officer stops a vehicle occupied by a married couple for a traffic offense. The
vehicle’s registration shows the couple as co-owners of the vehicle. The
officer asks the husband/driver for consent to search the vehicle. The husband
gives a verbal consent but his wife/passenger immediately speaks up, saying,
“This is my car too and you can’t search it.”
computer check then reveals that the wife has an outstanding arrest warrant.
She is arrested and taken away by another officer. The officer again asks for,
and receives, consent to search from the husband. An ensuing search produces
illegal drugs, which the husband quickly says belong to his wife.
husband’s consent to search valid, given the objection of his no-longer-present
wife? The holding in a newly decided United State Supreme Court case answers
this question. A 2006 decision tees up the issue.
The 2006 Case
the Supreme Court held in Georgia v. Randolph,
547 U.S. 103, that the express refusal by a physically present co-occupant to
grant consent to search the common areas of a private residence overrides the
grant of consent by another adult co-occupant. In such a situation, a denial of
consent takes precedence over a grant of consent.
question that arose almost immediately following the ruling in Randolph was whether such a denial of consent would trump
the consent of a co-occupant if the refusing occupant were no longer physically
present at the premises or was otherwise unable to refuse to give consent. Would
it matter if the later absence of the earlier-consenting party was caused by
police action? In the years following, lower courts split on these
Fernandez v. California, decided 6-3 on February
2014, the United States Supreme Court answered both questions. In that case,
Fernandez was lawfully arrested at a residence he shared with a female. Before
his arrest, Fernandez had denied an officer’s request for consent to search the
home. An hour after the arrest, another officer returned to the residence and
received consent from the female co-occupant to search the residence. That
search produced criminal evidence against Fernandez.
Court held that since Fernandez was no longer physically present when the
officer asked for the female’s consent, the consent given by the female was
valid despite the fact that Fernandez, a co-occupant, had unambiguously refused
to grant consent before being taken away by police.
course, Fernandez does not allow police simply to remove an objecting
co-occupant from the premises solely to try to gain consent from another
co-occupant in the absence of the then-removed party. Fernandez requires that
the police-initiated removal of the non-consenting co-occupant be objectively
reasonable. Fernandez, for example, had been lawfully arrested. In view of
that, taking him away for booking into a detention facility was objectively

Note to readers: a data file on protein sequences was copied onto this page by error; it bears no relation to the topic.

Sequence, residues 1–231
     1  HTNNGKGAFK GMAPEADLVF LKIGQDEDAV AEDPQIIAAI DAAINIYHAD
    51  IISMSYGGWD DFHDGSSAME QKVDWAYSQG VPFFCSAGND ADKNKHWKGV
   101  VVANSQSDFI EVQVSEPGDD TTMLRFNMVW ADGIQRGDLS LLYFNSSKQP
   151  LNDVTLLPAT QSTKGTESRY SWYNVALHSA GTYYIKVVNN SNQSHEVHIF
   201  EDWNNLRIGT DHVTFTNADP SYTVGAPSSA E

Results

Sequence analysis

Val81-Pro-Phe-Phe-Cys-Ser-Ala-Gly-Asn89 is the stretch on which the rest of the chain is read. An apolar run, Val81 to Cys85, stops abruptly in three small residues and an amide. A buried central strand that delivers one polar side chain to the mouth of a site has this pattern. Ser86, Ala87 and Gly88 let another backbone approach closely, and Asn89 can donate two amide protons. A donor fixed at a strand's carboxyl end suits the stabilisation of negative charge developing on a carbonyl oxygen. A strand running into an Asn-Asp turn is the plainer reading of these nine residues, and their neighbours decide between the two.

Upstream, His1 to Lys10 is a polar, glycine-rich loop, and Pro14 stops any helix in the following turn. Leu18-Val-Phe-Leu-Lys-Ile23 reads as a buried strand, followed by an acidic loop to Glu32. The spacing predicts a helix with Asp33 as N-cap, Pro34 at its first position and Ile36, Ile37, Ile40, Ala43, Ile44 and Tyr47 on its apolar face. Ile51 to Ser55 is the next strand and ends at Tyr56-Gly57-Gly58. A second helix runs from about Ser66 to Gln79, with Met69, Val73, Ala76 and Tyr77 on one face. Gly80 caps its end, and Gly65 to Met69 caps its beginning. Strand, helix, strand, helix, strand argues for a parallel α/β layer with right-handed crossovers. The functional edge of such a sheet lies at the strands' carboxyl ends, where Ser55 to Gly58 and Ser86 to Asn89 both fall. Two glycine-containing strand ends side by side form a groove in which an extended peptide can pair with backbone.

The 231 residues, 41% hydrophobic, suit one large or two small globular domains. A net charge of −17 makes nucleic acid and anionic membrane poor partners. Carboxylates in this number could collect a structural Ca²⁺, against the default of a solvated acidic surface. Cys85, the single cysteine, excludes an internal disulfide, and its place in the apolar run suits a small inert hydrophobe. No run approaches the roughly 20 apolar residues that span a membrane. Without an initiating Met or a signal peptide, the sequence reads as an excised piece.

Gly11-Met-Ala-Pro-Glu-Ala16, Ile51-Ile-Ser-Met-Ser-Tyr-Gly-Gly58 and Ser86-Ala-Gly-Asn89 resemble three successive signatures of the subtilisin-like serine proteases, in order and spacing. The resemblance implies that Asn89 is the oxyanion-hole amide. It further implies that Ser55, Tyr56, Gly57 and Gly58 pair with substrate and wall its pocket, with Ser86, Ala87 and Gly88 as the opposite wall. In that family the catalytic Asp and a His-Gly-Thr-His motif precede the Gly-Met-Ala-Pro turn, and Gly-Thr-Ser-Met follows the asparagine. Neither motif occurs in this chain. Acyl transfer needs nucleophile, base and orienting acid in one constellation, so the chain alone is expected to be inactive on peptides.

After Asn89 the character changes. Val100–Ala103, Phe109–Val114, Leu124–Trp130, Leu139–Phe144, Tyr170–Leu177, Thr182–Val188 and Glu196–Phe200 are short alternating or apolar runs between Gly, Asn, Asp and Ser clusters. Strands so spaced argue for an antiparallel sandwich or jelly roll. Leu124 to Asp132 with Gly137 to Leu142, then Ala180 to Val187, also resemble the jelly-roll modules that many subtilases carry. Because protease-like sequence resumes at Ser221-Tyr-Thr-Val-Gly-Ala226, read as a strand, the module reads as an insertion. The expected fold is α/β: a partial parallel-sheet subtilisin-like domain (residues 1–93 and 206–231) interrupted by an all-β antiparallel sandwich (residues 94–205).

arrest of Fernandez been unlawful—for want of probable cause, for example—his
removal from the premises would not have been objectively reasonable. If the
removal of the non-consenting co-occupant is not objectively reasonable, then
any consent obtained from another co-occupant would not be valid and a
subsequent warrantless search would be unlawful.
generally true in judicial determinations of Fourth Amendment reasonableness,
the subjective state of mind of the involved police officer is not relevant. As
long as the officer’s action in removing the objecting party is objectively
reasonable—that is, there is a lawful basis for it—it does not matter that the
officer might have had in his mind the ulterior motive of removing the
objecting party to clear the way for a valid consent by the still-present
to the hypothetical situation at the beginning of this article, was the remaining
party’s consent valid? The officer received conflicting responses from the
co-owners of the vehicle regarding the request for consent to search their
vehicle but then the person denying consent to the search was lawfully removed
from the scene based on an outstanding arrest warrant. Police then again
requested and received consent to search from the still-physically-present
Randolph and Fernandez both deal with consent to search a residence, their
principles can be applied (even more so) to this hypothetical scenario, which
is like Fernandez except it involved a car rather than a home. The removal of
the wife was objectively reasonable as part of a lawful arrest. Therefore, the
co-owner/occupant husband can validly consent even over the refusal to consent
by the no-longer-physically-present co-owner, the wife.
Randolph and Fernandez have domestic violence as an underlying issue. Neither
case diminishes the authority of a police officer to enter a home, without
anyone’s consent, where the officer has reason to believe that a person inside
that residence is being or is about to be physically assaulted, or where there
are other probable cause-based exigent circumstances.
Zachary Miller is a police
officer and serves as Associate Director of the Police Authority Training
System (PATS), a national computer-based legal training initiative of the
Thomas & Means Law Firm.
Randy Means is formerly head of
the legal department at a state law enforcement training center, in-house
counsel to a major city police department, past head of the national
association of police attorneys (IACP-LOS). He can be reached at
email@example.com. His book, The
Law of Policing, is available online.